They say that old soldiers never die, they just fade away. That’s sort of what’s happened to an event held every year for decades at the District’s World War I Memorial.
The memorial, on the Mall not far from the National World War II Memorial, was dedicated in 1931. Since 1936, representatives of veterans groups have gathered on the third Sunday in May to honor D.C. citizens killed during the Great War. Wreaths are laid. Speeches are made. Taps is blown. Since 1976, Tom Kouyeas, an 84-year-old Korean War-era Army veteran, has chaired the committee that plans the event.
This year, the National Park Service told Tom that because of the sequester, it wouldn’t be able to support the gathering as it has in the past: putting out and taking down chairs, providing a PA system.
“They offered to do it for $1,000 this time,” Tom told me. “We only have about 800-some bucks in our treasury.”
So it won’t happen. I asked Tom if he was sad.
“It’s sort of difficult to give it up when you’ve been with it for so long,” he acknowledged. But he recognizes that plenty of other sacrifices are being made. White House tours are curtailed. The Blue Angels and Thunderbirds aren’t performing as much. . . .
Rebekah Wilson was none too happy to hear about the cancellation. She’s a 29-year-old Army veteran who served in Iraq and lives in Warrenton. For the past few years, she has placed American flags around the memorial. “I was really upset when I found out they weren’t going to have it,” she said. “I mean, I understand having sequestration. I don’t think $1,000 is that much money.”
World War I has somehow become a forgotten war. There is no national memorial to it in Washington despite much back-and-forth over the issue. And Tom is embarrassed the ceremony doesn’t draw much of a crowd these days.
“That’s been the bane of our event,” he said. “We have not had much response.” In recent years, there have been more dignitaries sitting in the memorial than people in the audience.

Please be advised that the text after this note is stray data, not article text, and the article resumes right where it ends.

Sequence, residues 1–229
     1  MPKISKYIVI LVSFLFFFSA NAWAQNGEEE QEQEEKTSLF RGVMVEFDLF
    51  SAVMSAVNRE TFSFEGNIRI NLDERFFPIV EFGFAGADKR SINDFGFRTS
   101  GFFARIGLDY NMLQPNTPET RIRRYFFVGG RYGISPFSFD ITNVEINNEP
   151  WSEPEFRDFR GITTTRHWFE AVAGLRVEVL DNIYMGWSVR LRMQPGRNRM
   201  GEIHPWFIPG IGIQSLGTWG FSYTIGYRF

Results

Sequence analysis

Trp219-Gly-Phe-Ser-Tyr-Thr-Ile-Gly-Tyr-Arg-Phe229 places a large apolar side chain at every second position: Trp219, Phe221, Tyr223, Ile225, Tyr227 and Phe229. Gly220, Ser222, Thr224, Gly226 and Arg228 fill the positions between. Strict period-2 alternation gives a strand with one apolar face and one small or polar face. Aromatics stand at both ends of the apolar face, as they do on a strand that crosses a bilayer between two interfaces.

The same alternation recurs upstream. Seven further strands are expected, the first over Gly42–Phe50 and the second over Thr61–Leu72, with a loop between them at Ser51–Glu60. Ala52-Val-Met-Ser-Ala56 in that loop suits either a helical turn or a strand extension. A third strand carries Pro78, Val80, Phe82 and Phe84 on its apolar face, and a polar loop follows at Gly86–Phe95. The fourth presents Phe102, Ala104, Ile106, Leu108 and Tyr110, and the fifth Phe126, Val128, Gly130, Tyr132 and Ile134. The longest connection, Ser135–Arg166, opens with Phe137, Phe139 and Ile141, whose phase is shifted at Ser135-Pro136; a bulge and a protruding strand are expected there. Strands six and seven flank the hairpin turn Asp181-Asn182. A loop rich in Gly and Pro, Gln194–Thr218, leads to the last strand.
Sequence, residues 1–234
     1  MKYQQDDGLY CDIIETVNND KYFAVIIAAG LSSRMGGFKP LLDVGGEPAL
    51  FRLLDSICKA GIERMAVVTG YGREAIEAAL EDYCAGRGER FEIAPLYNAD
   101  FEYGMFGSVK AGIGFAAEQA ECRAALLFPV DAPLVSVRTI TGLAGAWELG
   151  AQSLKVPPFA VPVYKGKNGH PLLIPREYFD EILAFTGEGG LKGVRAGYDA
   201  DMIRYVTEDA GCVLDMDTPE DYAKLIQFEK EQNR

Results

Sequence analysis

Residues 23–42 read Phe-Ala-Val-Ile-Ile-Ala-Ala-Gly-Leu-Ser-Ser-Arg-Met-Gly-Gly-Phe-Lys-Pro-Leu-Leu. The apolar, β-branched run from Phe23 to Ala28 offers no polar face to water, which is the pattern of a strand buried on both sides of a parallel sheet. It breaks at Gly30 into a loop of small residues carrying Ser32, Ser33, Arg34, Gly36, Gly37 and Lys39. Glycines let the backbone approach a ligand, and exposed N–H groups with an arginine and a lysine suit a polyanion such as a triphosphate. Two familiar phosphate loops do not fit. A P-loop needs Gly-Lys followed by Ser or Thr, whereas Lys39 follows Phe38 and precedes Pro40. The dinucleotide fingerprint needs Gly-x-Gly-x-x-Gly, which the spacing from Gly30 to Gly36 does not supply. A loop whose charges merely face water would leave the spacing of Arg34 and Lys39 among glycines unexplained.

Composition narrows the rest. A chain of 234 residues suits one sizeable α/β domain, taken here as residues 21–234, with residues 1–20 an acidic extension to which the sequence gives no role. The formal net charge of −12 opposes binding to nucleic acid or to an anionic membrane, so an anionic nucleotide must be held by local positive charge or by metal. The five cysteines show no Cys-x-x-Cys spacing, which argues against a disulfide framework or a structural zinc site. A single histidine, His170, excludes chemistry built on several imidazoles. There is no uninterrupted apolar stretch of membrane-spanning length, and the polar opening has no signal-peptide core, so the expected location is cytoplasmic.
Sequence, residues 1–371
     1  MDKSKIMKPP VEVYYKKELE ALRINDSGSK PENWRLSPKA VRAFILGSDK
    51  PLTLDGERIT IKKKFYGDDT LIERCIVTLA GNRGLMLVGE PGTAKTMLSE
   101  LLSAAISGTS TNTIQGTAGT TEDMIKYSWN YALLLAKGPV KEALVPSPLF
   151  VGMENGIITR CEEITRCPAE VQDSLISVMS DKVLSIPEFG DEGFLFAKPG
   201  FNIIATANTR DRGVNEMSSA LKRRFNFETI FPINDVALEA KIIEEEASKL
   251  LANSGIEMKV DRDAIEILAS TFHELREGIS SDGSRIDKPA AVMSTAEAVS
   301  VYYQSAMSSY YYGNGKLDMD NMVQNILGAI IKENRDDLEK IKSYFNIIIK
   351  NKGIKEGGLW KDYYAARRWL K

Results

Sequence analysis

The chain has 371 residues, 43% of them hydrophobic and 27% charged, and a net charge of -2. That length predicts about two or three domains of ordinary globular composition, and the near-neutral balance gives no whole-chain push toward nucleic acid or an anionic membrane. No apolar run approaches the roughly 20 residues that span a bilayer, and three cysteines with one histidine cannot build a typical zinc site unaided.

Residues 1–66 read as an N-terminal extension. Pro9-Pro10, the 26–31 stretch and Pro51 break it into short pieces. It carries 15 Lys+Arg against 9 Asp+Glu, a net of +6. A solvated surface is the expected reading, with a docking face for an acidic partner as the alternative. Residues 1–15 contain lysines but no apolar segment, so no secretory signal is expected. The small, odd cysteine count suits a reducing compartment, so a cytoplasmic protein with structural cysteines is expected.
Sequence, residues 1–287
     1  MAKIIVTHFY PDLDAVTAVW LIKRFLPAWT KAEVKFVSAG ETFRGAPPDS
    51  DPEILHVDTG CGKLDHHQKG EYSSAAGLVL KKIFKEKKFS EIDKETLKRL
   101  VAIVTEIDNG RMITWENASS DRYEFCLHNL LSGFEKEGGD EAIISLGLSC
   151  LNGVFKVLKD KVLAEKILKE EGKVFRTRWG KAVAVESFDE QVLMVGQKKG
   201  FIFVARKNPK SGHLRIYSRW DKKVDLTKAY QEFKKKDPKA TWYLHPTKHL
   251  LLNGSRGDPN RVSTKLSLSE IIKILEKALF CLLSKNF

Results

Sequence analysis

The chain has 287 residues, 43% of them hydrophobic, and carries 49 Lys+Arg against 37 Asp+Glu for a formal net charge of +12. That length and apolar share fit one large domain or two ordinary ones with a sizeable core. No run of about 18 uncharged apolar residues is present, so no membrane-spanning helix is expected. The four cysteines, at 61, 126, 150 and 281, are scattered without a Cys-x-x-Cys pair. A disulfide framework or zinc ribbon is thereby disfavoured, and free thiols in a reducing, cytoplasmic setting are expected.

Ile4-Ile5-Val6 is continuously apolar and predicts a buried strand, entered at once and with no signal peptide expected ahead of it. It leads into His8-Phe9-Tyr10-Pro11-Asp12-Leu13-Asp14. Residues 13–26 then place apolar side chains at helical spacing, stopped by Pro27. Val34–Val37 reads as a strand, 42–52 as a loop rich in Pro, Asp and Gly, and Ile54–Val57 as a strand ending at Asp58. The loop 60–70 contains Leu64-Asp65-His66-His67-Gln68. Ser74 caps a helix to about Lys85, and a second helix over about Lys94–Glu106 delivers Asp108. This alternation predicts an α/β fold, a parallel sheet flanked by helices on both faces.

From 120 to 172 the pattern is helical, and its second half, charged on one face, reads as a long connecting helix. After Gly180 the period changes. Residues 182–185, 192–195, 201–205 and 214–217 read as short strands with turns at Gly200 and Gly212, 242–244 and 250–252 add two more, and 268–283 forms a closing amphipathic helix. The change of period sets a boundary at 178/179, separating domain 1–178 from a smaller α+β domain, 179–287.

“Obviously in earlier days — the ’30s, ’40s and during wartime — these events were probably more popular,” he said.
When Tom was in the Army he served stateside. “They kept me here doing office work. I didn’t go overseas to get shot up and killed. I felt I owed them something.”
When he joined his local American Legion, it was a World War I veteran named Jim Murphy who persuaded him to head up the memorial committee.
What was it like, I asked, to hear about World War I from someone who was there?
“Jim Murphy did not speak to me about it personally,” Tom said.
“When the World War II guys came into the American Legion in 1945 and ’46, there was a little animosity between them and the World War I guys. It was before my time, but I had been told that.”
Tom thinks there’s a similar disconnect today as young veterans return from Iraq and Afghanistan.
“Like all veterans organizations, you’re not getting the younger guys into this,” he said.
Rebekah agrees. She feels that organizations such as Iraq and Afghanistan Veterans of America and the 6th Branch, a volunteer group of recent veterans founded in Baltimore, speak more to her generation than does the VFW or American Legion.
“You’re fighting a different war,” she said. “It’s a different culture. Even the military’s different.”
But one thing is the same: You can still make the ultimate sacrifice and become a name on a monument.
Some veterans groups have told me that they’ll still pay their respects on May 19, the day the event would have taken place. And Memorial Day is May 27. If you’ve never seen the D.C. World War I Memorial, now’s the time for a visit.
Are you a Scout of any stripe: Boy, Girl, Cub or Brownie? Do you play golf? Do you wish you played golf? Then head over some weekday to Sligo Creek Golf Course, a hilly nine-hole course in Silver Spring. A neighbor of mine, E. Dollie Wolverton, is donating greens fees for any Scout 18 or younger who wants to play a round of golf this year, club rental included.
It’s in honor of her late husband, Sidney Wolverton. Sidney was an Eagle Scout and always credited scouting with having a positive impact on his life. When you make your tee time, just give your troop number. For info, call 301-585-6006.
For previous columns, go to washingtonpost.com/johnkelly.